Attributional Style And Socializing

A lot of social problems are sustained by maladaptive thought patterns. Before you can start dealing with them you have to understand what they look like. In another article I talked about cognitive distortions. Here I'll cover one more way people who struggle with issues like shyness or depression tend to view the world in a manner that perpetuates their difficulties. The ideas I'll cover are summaries of well-established concepts from Cognitive Behavioral Therapy.

Attributional Style

Someone's attributional style, also known as their explanatory style, describes how they tend to, often unconsciously, explain various life events to themselves. When someone forms an explanation it involves three factors:

Whether they see the cause of the event as internal or external

For example, if someone does well at a new video game some internal explanations may be, "I'm good at games" or, "I'm quick to learn how to play games from this genre." An external explanation may be, "This game is easy" or, "The person I'm playing against is making a bunch of mistakes."

Whether they see the situation as stable or unstable

Other ways to put this would be seeing the event as unchangeable vs. changeable, or permanent vs. temporary. For example, if someone gets stuck in traffic on their way to work a more stable explanation might be, "The traffic in this city has gotten steadily worse. It's going to be like this from now on." A more unstable explanation is, "The traffic is bad today, but it could be fine tomorrow. It varies."

Whether they see the event as having a more global effect on their lives or if it's specific to that particular, local situation

For example, if someone makes a new type of error at work, a global explanation would be, "I'm probably going to start making more mistakes on the job in general." A specific/local explanation is, "I have a hard time with this new database software, but that doesn't mean the rest of my work will suffer."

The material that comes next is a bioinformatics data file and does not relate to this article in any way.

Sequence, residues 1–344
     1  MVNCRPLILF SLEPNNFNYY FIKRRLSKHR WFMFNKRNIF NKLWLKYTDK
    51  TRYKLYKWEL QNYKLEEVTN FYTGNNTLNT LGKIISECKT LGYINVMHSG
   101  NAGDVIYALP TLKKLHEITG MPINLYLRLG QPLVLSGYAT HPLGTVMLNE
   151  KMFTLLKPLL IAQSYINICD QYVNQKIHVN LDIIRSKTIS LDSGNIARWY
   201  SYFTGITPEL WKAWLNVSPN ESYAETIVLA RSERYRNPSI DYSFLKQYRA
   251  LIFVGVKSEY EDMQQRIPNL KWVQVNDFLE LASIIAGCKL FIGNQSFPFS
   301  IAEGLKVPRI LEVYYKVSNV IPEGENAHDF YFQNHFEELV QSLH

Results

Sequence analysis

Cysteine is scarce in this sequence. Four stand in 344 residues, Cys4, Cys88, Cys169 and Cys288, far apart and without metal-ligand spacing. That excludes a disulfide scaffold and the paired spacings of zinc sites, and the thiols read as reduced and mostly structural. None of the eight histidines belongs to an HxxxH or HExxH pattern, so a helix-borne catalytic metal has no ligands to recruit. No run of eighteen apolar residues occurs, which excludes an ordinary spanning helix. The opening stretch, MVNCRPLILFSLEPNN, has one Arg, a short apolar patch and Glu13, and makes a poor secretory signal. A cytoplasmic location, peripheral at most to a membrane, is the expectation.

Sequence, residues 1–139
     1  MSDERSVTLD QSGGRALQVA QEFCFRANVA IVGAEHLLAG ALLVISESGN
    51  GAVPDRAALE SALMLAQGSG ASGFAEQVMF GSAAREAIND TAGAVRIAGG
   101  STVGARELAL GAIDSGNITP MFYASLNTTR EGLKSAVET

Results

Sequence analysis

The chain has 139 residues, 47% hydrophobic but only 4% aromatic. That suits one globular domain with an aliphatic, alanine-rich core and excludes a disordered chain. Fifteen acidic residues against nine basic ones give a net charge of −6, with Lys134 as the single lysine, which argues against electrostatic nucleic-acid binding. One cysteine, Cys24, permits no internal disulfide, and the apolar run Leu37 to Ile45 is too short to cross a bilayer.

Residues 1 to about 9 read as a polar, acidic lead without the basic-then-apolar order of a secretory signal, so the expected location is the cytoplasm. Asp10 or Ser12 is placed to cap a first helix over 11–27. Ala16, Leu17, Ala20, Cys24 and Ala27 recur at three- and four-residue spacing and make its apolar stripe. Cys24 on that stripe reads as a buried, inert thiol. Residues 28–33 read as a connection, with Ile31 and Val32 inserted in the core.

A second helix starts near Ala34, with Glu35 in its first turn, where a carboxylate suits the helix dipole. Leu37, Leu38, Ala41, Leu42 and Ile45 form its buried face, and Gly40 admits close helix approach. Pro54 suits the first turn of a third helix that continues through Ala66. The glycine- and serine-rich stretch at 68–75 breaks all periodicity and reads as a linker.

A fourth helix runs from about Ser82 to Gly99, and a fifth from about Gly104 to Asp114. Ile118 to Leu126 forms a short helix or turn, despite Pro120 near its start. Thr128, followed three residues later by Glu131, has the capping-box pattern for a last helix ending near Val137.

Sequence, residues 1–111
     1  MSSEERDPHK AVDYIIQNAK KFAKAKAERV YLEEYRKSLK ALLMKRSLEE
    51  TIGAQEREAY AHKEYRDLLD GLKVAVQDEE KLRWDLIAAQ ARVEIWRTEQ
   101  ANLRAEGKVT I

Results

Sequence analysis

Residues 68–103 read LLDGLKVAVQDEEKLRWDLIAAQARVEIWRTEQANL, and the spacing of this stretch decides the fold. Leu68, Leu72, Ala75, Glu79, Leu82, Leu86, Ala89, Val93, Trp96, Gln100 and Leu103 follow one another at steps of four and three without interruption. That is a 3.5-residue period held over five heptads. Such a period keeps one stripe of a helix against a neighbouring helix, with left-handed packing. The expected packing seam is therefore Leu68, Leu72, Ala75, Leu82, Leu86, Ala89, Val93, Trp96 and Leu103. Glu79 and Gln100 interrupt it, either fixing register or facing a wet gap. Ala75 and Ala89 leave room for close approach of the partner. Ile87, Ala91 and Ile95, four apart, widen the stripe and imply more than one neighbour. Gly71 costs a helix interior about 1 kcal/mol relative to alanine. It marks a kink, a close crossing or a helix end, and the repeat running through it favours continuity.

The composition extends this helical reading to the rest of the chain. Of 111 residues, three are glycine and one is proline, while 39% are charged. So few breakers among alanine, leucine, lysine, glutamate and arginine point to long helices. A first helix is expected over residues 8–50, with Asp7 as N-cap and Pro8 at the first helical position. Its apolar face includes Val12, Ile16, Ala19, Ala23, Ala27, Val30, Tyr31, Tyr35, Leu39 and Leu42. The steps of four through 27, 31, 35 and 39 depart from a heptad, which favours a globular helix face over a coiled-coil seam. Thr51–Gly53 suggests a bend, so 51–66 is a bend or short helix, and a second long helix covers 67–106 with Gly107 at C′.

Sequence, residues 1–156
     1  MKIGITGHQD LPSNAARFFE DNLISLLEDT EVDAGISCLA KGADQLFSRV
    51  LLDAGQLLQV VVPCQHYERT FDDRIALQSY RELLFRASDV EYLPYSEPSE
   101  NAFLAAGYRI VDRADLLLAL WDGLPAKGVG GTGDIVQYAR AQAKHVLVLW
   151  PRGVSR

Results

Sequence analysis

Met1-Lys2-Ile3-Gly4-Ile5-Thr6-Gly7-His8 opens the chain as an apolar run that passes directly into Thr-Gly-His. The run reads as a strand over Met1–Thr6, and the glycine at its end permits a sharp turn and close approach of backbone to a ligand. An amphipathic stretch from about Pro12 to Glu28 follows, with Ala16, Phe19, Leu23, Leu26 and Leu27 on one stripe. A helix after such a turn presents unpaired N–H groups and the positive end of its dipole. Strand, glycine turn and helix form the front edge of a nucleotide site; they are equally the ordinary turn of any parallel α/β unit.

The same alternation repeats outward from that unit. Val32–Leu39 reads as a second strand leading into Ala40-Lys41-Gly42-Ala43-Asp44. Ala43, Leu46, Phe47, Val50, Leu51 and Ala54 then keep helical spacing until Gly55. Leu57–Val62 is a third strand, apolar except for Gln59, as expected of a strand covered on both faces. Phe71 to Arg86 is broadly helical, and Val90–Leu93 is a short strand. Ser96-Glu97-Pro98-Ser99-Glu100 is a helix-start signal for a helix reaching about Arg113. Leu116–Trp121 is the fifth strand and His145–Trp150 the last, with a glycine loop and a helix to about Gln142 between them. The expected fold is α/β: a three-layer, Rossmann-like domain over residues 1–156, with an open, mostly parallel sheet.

Optimistic and pessimistic styles

People can have an overall explanatory style that's optimistic or pessimistic. Someone with an optimistic style tends to see positive events as being internal, stable, and global. For example, if they're learning the guitar and they have a good practice session they'll explain it as, "I have a knack for learning new things. I've always had that strength, and it will help me pick up other skills down the road." Conversely, they dismiss negative events as external, unstable, and specific. If they have a poor practice session they might tell themselves, "I sounded bad because I was tired and distracted from work. Plus the strings need to be changed. Once I replace them I'll start playing well again. Even if I didn't sound the best today, overall I'm still quick to pick up new talents."

People with a more pessimistic attributional style are the opposite. If something good happens to them they often write it off as external, unstable, and specific; It was because of some flukey outside factor, it won't last, and it doesn't say anything about the bigger picture. When something bad occurs their explanation is internal, stable, and global; The negative situation was brought about by one of their inherent, unwavering flaws, a flaw which negatively impacts their life in all kinds of other ways.